The Case Against Breastfeeding

I just read Hanna Rosin’s article called The Case Against Breastfeeding published in The Atlantic and I’m feeling really sad. This is the reality of many mother’s experiences and it should not be taken lightly. Ms. Rosin expresses her discontentment with being a mother and her perceived requirement that she breastfeed her baby. She goes on to talk about how science really isn’t all that conclusive about the benefits of breastfeeding, which makes it seem like a waste of her time.

So we’re talking about a relationship with an infant here, a little person who is completely dependent upon the parent (unless he is in daycare, of course) and this parent resents being with the child and feels that someone (larger society) is making her breastfeed him. How does that child feel when she is tapping her foot waiting for him to finish nursing so that she can get on to something more important?

Having children is an inconvenience. And mothering is a completely undervalued because we don’t understand how important it is. We don’t know how to meet someone else’s needs. We aren’t even quite sure how to meet our own needs because we have never had that modeled for us. Becoming a parent requires a tremendous amount of resources and cannot be the task of one person. However, there are some jobs and some good reasons that women are designed to be the primary caretakers. If we feel overwhelmed, it is a sign that something needs to change. Who suffers when we feel this way? Everyone does. But is breastfeeding the problem?

America seems full of finger-pointing and, in general, we like to blame someone else for our problems. People sued McDonald’s when their coffee was too hot and won. It wasn’t their fault that the coffee was hot, after all, and they burned themselves. If the problem exists outside of ourselves, then it really isn’t about us. We don’t need to make a change. But if we can recognize that there is probably a small part that is our responsibility, that means that we can make it different.

Ms. Rosen feels that breastfeeding is the problem. That makes it all about the fault of someone external to herself who is ‘making her’ breastfeed. This has taken her out of the present moment and what this is all truly about. Her baby needs her to be emotionally present more than anything in the world. Whether she is sitting with a bottle or she is breastfeeding, the baby needs his mom to be madly in love with him or her. Is that possible when mom is feeling resentful about the fact that she has to do this? Probably not.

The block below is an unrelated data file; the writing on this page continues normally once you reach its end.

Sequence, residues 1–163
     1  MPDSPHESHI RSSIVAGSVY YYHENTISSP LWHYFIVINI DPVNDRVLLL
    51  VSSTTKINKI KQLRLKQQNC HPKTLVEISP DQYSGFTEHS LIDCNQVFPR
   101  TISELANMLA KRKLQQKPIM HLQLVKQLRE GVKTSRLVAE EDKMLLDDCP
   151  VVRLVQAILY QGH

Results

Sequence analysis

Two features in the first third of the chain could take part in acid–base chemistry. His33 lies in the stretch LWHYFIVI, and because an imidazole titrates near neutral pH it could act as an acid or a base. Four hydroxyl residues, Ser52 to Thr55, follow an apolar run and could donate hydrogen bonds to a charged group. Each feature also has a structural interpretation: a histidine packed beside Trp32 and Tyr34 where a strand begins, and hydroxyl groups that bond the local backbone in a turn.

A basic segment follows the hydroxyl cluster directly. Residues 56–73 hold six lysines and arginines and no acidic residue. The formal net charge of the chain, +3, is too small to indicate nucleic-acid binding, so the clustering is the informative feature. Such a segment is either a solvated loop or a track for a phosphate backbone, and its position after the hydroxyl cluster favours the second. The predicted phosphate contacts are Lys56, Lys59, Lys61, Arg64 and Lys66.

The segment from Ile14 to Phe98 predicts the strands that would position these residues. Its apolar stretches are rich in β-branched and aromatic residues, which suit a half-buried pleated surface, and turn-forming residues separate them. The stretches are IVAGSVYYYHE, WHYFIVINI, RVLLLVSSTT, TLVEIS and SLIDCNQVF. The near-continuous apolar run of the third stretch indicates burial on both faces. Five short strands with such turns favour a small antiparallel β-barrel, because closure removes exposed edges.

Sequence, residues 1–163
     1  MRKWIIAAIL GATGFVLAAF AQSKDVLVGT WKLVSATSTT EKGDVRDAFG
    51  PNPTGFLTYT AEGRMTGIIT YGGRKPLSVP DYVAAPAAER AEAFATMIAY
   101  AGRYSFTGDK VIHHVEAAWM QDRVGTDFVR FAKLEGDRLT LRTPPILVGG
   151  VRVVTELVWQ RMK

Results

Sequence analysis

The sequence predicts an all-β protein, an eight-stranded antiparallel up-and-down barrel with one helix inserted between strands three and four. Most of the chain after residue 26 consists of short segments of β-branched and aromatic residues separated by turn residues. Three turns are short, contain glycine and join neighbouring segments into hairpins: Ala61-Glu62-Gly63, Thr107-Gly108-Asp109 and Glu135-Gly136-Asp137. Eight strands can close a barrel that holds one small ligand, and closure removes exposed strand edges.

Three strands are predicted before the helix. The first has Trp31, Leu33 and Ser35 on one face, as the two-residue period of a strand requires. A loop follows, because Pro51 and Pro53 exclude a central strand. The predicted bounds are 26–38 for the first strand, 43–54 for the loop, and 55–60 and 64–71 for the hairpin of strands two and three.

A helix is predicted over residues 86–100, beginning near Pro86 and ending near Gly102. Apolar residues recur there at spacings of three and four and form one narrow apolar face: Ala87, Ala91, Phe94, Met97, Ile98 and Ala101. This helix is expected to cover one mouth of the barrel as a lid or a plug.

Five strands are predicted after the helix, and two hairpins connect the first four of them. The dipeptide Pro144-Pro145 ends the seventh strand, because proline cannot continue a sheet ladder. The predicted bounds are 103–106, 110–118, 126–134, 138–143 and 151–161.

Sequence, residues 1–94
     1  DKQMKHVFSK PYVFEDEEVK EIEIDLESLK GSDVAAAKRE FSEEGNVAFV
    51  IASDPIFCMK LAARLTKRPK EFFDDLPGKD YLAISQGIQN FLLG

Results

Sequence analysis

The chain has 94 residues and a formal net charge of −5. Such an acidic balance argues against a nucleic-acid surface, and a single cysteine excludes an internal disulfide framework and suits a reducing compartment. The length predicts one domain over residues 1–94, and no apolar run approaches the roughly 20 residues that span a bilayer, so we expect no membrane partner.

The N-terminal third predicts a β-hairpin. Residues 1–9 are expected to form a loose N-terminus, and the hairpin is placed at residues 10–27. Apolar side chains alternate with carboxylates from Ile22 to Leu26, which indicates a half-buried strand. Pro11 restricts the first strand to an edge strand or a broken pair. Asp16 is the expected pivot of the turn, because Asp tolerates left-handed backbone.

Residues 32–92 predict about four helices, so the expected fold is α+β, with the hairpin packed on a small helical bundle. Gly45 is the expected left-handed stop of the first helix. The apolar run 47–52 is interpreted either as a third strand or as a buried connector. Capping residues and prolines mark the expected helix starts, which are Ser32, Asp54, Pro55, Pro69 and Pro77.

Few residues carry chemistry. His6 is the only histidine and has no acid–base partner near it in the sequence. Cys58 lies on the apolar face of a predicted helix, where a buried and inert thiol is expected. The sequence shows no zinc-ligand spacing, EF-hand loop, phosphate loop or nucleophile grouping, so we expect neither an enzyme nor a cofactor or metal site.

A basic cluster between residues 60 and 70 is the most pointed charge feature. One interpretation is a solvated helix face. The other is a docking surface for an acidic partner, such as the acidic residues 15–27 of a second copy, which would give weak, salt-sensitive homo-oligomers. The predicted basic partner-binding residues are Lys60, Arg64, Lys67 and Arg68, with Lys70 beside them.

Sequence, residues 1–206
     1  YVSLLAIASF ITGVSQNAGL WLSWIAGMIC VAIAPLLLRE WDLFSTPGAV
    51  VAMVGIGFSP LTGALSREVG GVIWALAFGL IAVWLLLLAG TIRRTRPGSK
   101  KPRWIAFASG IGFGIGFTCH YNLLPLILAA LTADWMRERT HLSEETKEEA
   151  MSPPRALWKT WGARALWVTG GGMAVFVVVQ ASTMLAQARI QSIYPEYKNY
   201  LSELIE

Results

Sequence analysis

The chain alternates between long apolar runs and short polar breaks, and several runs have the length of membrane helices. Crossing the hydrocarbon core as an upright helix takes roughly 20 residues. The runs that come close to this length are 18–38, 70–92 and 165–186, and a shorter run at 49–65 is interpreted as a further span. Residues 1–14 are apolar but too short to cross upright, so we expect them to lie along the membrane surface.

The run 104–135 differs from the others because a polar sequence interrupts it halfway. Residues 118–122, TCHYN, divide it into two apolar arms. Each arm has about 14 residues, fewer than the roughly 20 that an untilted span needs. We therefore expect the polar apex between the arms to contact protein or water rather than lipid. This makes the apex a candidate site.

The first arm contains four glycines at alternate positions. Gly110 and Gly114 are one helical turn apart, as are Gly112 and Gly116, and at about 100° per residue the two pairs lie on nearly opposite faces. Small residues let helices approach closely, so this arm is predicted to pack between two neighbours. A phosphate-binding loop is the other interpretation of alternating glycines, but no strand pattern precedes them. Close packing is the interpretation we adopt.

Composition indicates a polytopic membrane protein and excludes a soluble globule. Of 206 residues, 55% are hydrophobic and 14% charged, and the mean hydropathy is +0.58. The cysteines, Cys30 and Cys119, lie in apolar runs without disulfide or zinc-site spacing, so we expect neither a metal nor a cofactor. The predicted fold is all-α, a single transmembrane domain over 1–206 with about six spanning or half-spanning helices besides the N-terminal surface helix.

Perhaps the real problem that Ms. Rosen is expressing is more about the lack of community support for mothers with young children and that there seems to be little value placed on taking that time to just be with baby. The women with careers outside the home seem to have more perceived value. Maybe that’s a big part of the reason so many moms return to work. It should never be pitted ‘us against them’ regarding feeding choices. But perhaps we need to have a conversation about what mothering looks like right now and how we can meet the needs of mothers in our society, rather than pointing fingers.

Breastfeeding rates have climbed steadily over the past 10 years, which is a wonderful thing. Mothers need the support from everyone in order to do what it takes to nurse our children even for a year. I believe the current statistics are that only about 2% of babies are nursed for one full year, which is the recommendation of the American Academy of Pediatrics. We have a long way to go for moms to recognize how much value they have. Breastmilk is designed specifically for feeding human infants. It changes from day to day, hour to hour, depending upon the needs of the baby. Perhaps this needs to be part of the discussion, too. No formula can do that.

Empowered women breastfeed. Empowered women change the world.

I have spent a large amount of time over the past 10+ years breastfeeding. I didn’t even originally intend to breastfeed, myself, until I learned more about it and became convinced. Once I became a mother, I quit my day job and only took on jobs that I could do while putting my baby first, mostly working from home or with limited hours when my husband could be with my son. Even now, I work from home so that I can be here for my children when they need me to be here. Sometimes projects are delayed and deadlines are missed, but that’s OK. There is nothing more important than my children and our relationship. Nothing.

Is it less convenient? Yes. Are there days that I just want to sit all day and eat chocolates and watch something mindless on TV? Yes! But I know there is a time when I will miss this terribly. I do what I can to meet my own needs while still respecting the needs of my children. Maybe that’s what we need to focus on more. Find a community of support. Look for others who share your values. Find reasons to want to snuggle in close with your baby as much as you can and others who share that viewpoint. There is nothing more important for all of us than feeling loved unconditionally and it starts with our babies.

P.S. The picture is me breastfeeding my youngest son.

Rebecca Thompson Hitt

Rebecca is the founder of The Consciously Parenting Project, LLC, and author of 3 books (Consciously Parenting: What it really Takes to Raise Emotionally Healthy Families, Creating Connection: Essential Tools for Growing Families through Conception, Birth and Beyond, and Nurturing Connection: What Parents Need to Know about Emotional Expression and Bonding), numerous classes and recordings, and the former co-host of a radio show, True North Parents.

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